Each chapter concludes with food and fragrance recipes, and Mandy encourages readers to explore each of the five fragrances in the book. In fact she created a companion kit of all five aromas, so you can smell them while you read. It’s better than scratch and sniff. She encourages you to add a drop of the mint essence to tea, or using the cinnamon essence to create a homemade “Coca-Cola.” And yes, you’ll actually get to smell real ambergris too, in a liquid form called a tincture.
“For me everything I do is based in my love of materials,” Mandy tells me. “My work is based on my love of materials and how I want to share that with people.”
One way Mandy is sharing that love is through her newest perfume, Palimpsest, which was inspired by her research on Fragrant. She came across books from Italy called books of secrets. “They were an amalgam of magic, scent and sorcery medicine,” she says.
Mandy also took inspiration from a type of manuscript called palimpsest, where older text is erased and written over. Some of the old text is still visible under the new text. “You can see the old writing coming through from the back like on a scroll,” she says. So she layered Palimpsest to create a similar effect, of the base notes of the perfume coming through the top notes seamlessly.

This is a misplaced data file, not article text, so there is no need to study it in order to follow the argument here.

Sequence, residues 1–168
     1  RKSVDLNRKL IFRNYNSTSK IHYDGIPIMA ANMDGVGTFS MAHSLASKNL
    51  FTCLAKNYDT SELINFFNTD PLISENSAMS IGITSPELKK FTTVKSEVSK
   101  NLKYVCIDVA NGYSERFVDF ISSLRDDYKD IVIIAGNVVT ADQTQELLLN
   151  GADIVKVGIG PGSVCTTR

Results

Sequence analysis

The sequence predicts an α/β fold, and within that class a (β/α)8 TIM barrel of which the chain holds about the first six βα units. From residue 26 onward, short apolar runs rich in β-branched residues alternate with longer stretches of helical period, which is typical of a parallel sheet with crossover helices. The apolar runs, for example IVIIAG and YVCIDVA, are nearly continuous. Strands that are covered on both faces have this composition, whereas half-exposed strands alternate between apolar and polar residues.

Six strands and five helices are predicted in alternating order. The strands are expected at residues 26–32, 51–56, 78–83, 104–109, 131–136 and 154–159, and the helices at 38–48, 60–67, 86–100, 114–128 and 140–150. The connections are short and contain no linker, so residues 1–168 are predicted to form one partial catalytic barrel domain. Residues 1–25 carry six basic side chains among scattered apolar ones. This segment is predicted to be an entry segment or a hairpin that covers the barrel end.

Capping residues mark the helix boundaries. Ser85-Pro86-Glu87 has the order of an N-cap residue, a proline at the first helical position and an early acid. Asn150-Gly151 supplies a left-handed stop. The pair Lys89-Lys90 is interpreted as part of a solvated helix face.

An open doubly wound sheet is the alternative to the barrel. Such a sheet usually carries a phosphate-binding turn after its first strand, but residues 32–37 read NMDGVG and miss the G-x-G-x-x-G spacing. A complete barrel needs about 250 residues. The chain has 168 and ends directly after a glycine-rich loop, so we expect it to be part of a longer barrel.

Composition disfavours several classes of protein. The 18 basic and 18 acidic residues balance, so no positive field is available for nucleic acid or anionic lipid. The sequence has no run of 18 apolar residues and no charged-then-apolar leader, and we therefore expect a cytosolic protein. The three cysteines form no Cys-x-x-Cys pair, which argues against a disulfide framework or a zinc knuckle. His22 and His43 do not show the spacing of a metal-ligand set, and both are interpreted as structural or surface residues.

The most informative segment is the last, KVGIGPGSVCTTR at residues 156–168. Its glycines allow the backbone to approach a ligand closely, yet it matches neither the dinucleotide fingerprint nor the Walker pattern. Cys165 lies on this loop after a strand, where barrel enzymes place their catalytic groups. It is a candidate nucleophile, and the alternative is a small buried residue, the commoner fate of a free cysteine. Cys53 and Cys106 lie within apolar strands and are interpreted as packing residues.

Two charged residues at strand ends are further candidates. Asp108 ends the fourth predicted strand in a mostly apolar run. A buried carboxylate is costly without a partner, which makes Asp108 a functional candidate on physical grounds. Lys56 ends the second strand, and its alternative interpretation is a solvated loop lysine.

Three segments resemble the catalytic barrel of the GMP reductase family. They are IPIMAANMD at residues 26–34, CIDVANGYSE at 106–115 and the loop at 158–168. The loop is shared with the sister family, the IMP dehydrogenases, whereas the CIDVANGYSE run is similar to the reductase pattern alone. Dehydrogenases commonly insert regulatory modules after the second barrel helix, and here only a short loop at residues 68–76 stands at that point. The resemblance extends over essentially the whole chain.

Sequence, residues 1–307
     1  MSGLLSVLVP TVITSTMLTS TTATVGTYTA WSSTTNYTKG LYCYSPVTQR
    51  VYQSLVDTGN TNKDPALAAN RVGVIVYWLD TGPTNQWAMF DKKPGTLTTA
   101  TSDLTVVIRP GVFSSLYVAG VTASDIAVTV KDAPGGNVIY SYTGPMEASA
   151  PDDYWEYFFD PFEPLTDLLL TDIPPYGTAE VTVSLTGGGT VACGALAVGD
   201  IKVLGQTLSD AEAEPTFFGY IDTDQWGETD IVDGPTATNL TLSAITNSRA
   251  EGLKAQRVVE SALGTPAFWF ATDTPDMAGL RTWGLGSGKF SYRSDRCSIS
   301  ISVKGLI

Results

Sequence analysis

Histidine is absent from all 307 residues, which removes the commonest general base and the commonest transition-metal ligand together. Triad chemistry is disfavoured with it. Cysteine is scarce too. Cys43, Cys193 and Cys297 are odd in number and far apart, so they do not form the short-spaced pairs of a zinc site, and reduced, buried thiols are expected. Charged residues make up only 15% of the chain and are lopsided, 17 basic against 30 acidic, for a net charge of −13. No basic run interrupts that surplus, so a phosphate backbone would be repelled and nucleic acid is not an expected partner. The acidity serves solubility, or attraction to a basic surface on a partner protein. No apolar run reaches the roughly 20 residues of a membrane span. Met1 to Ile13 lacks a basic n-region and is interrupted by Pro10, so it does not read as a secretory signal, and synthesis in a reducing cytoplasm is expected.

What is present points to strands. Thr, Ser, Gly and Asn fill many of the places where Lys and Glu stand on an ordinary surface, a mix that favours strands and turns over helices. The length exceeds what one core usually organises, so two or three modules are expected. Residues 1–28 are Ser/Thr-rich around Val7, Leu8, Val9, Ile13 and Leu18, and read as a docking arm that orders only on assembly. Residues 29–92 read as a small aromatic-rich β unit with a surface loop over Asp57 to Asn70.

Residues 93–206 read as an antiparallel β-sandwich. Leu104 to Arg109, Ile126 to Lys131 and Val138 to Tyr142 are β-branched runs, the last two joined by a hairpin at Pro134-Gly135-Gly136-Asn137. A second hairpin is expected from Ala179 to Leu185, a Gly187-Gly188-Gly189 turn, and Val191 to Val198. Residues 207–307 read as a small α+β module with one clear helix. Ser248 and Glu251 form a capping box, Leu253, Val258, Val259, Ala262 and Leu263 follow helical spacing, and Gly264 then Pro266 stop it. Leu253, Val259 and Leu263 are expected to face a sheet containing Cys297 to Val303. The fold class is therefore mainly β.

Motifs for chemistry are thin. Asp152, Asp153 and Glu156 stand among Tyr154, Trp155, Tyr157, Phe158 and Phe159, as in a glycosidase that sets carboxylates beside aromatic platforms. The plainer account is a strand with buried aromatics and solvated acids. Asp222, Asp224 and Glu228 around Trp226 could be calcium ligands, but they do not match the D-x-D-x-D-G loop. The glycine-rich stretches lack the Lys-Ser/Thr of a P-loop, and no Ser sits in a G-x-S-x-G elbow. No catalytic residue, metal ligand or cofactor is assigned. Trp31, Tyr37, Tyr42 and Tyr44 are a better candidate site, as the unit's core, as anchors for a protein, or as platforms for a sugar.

Palimpsest unfolds in a lovely, fresh bouquet of florals. As time goes on, the aroma transforms into something more exotic, warm and heady, thanks to the base of real ambergris.
Fragrant: The Secret Life of Perfume comes out on October 16. Mandy will be doing a series of personal appearances and book signings, which you can find out about here. I’m looking forward to Mandy’s upcoming discussion at the Jewish Community Center in San Francisco on November 5th with noted Bay Area chef Daniel Patterson, with whom Mandy co-wrote the book Aroma. She and Daniel love exploring the role of fragrance in flavor. They’re also collaborating on a second book, focusing on aromatic flavors.